M. K. Theodoratus, Fantasy Writer, blogs about the books she reads--mostly fantasy and mystery authors whose books catch her eye and keep her interest. Nothing so formal as a book review, just chats about what she liked. Theodoratus also mutters about her own writing progress or ... lack of it.

.

Thursday, January 22, 2015

Getting the Science Right - Stephen A. Benjamin's Worst Writing Fear


My Worst Writing Fear:
Getting the Science Straight

by

 Stephen A. Benjamin

  I am a veterinarian and a biomedical researcher. The goal of scientific research is to decipher the workings of the natural world. Accuracy in the collection and interpretation  of experimental data is the fundamental basis for scientific discovery and advancement.
So, what is my greatest fear as a writer of fiction, science fiction to be exact? The fear of getting something scientific wrong. How can I get something wrong if I am writing fiction? Good fiction is based on reality. Are the characters and their actions realistic; do they evoke emotion and caring in the reader? Are the settings well-drawn and believable? In any genre, if the reader cannot buy into the characters, the setting , or the action, they will suspend belief and, potentially, their reading.

  But science fiction is fantastical adventure, whether  set in the past, present, or future. It bears no relationship to “reality,” does it? Tell that to Jules Verne or H. G. Wells, nineteenth century writers who accurately predicted many of the scientific advances of the twentieth century. Did they get some of their predictions wrong? Of course they did. Verne, in Twenty-thousand Leagues Under the Sea, amazingly envisioned and described the  SCUBA apparatus in 1870, yet, in the same novel predicted that humans could never harm the vast diversity of creatures that lived on earth. Don’t we wish the latter prediction was true?

  If greats like Verne and Wells could make errors, why is that a fear for me? Scientists can and do make mistakes in carrying out experiments and drawing  conclusions. Mistakes, when recognized, can be important to teach us what is correct. Yet, I am still afraid to make scientific errors in my fiction. An example: In the beta version of my recently published novel, The Galactic Circle Veterinary Service, a friend and colleague, also a veterinarian, picked up two errors: one the misspelling of a horse’s bone, the other the wrong term for a dog’s anatomical structure. Well, shoot, who but a veterinarian would even know? Doesn’t matter. I would know. I learned such things in school and there is no excuse for getting them wrong. I was embarrassed even though those errors never saw the light of day.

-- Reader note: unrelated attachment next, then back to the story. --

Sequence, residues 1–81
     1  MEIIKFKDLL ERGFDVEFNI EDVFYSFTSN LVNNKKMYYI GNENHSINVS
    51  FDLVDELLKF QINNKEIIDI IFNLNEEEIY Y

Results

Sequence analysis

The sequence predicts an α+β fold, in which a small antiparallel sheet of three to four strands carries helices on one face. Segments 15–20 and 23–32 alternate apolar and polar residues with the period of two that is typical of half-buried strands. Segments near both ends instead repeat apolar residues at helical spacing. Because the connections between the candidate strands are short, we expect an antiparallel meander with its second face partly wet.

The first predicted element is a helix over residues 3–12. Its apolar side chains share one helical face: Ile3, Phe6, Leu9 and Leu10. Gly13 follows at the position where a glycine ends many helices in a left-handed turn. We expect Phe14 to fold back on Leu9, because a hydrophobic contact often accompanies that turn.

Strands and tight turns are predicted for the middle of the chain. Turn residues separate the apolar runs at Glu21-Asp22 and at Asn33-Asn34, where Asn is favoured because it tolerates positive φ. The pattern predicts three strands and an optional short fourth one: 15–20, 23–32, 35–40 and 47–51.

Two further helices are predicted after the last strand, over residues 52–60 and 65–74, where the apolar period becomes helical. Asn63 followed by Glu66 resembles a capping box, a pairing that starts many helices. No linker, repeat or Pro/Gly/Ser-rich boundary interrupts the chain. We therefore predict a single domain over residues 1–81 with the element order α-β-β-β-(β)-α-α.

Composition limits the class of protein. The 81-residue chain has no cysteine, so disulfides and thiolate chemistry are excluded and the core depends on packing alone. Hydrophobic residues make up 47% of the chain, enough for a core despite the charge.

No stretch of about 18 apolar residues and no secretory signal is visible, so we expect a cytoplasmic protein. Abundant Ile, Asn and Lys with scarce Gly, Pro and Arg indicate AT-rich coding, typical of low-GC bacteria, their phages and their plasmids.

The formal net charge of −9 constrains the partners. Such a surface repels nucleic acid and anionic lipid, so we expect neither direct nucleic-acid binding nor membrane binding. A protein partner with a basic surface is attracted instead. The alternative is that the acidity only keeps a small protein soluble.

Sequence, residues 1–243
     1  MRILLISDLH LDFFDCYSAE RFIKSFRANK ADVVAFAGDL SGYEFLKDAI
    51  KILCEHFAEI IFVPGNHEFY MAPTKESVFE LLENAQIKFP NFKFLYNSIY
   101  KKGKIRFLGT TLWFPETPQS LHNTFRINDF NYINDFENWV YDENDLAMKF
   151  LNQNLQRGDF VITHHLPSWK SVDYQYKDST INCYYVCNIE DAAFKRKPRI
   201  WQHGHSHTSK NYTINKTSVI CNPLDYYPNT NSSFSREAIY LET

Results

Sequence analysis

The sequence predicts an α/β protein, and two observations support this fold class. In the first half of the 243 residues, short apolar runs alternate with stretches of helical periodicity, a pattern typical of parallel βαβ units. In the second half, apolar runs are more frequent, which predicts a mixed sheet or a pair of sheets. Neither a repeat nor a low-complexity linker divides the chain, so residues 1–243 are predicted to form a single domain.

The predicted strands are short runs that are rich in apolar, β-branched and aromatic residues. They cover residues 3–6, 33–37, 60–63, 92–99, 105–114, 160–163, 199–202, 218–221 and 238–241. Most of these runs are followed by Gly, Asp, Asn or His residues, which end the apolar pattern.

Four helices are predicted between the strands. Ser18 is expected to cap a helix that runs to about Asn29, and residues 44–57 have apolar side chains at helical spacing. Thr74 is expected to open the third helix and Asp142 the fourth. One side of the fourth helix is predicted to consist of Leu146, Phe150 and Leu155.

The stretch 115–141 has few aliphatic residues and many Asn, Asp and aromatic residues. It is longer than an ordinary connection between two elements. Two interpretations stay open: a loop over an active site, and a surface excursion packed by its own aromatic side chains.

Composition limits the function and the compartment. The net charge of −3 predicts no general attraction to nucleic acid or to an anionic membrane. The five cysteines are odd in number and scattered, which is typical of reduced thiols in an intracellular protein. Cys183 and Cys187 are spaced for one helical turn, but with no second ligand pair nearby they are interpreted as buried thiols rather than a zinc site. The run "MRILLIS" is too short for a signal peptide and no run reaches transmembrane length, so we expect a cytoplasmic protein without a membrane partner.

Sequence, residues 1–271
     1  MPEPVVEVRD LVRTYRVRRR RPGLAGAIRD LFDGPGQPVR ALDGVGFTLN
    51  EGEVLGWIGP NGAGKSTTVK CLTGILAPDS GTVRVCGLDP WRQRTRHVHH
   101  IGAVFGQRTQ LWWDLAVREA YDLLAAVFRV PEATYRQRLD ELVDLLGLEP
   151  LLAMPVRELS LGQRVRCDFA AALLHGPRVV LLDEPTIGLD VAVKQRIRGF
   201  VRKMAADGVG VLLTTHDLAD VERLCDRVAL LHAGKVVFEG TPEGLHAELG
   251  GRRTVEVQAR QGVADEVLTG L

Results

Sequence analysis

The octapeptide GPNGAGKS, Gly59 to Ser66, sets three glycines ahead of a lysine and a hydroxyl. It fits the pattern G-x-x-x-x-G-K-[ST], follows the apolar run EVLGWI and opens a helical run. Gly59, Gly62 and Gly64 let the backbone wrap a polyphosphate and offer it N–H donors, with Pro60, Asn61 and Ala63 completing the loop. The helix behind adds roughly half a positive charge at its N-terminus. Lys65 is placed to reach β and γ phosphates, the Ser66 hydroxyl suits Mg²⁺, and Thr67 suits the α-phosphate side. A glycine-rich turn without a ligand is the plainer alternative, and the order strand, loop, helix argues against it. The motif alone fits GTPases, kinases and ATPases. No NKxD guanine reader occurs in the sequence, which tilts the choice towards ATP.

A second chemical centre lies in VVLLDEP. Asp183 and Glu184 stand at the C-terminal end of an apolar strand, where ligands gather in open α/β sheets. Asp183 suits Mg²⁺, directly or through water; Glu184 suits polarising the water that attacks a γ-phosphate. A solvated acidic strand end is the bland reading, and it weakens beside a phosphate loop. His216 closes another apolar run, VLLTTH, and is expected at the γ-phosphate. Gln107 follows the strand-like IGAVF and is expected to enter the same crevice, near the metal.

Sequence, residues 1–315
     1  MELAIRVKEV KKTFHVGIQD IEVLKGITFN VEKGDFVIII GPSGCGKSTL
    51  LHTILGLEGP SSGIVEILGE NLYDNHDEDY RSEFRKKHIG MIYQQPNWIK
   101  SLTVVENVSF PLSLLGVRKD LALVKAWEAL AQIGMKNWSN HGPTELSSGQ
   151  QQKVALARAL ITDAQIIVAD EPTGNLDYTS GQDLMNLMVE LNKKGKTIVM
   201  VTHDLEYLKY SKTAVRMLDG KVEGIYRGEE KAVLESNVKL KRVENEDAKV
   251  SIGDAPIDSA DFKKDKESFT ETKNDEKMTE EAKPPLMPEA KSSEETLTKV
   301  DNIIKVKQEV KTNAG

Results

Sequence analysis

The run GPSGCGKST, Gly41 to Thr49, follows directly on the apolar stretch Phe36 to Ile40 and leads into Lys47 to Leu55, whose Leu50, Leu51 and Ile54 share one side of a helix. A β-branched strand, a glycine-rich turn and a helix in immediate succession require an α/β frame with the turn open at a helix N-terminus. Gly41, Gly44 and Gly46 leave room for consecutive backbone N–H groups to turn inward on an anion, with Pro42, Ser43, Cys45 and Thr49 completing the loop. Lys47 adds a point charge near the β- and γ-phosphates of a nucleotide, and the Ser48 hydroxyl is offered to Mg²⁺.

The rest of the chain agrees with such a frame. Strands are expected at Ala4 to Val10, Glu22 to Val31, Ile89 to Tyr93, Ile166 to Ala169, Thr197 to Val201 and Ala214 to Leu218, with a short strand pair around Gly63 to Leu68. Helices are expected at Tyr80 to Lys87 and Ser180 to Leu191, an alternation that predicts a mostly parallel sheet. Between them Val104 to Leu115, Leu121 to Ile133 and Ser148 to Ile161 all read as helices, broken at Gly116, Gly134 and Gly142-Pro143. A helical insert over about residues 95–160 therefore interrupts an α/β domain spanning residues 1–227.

I approach my writing as I approach a scientific research problem. I exhaustively investigate what is known, then use that to predict what might be. If I don’t get the current science right, what I propose for the future doesn’t work, for me at least. In Galactic Circle, a future plague has a basis in what we know now about microbiology and biochemistry. Even the alien life-forms affected must fit within a logical and consistent biological scheme of the universe, or the disease can’t work, and my story is less believable.

  So I fear someone reading my work (especially other scientists) and finding the error that makes them say, “Boy, did he get that wrong.” The old saw says, “Write what you know.” I’m supposed to know science and medicine. If I make basic  mistakes with current science, it tells the reader that I don’t know my subject. Might as well put the book down now! 

  My science fiction is based on good science. I will continue to research my subjects ad nauseum before I prognosticate the future of that science. And I’ll continue to make sure that someone reads my books who can catch my inevitable errors before they go to print.

~~#~~

Author Bio:
Stephen A. Benjamin

  Stephen A. Benjamin received his B.A. from Brandeis University and his D.V.M. and Ph.D. in pathology from Cornell University.  He has served on the faculty of two medical schools (Pennsylvania State University and University of New Mexico) and one college of veterinary medicine (Colorado State University).  He is currently Professor Emeritus in the College of Veterinary Medicine and Biomedical Sciences at Colorado State University.

  Dr. Benjamin has been a teacher, researcher, and administrator, and his interests have spanned the areas of toxicology, radiation biology, cancer research, and veterinary medicine.  He has authored or co-authored over 100 scientific publications and book chapters.

  Fiction publications include his science fiction novel, The Galactic Circle Veterinary Service, which draws heavily on his medical background, and a short story, Just Desserts, a supernatural humor piece. Both were published by TWB Press, Lakewood, CO. Benjamin has an author page on Facebook.

  Dr. Benjamin lives in Colorado with his wife.  Besides writing, he enjoys travel, fishing, camping, golf, skiing, cooking, good wine, and five lovely granddaughters.

~~#~~

BLURB:
The Galactic Circle Veterinary Service

His family threatened by his world’s tyrannical theocracy, a young veterinarian is forced to run an interstellar veterinary service as cover for espionage in advance of a galactic invasion. Watched over by a xenophobic and sadistic government spy, he offers medical services to the alien life-forms he meets. Treating werewolves for mange only scratches the surface of his adventures as he makes human and alien allies to help him free his parents and his world from oppression.

You can read samples of The Galactic Circle Veterinary Service 
on Amazon, Nook, Smashwords
and at TWB Press.


Post a Comment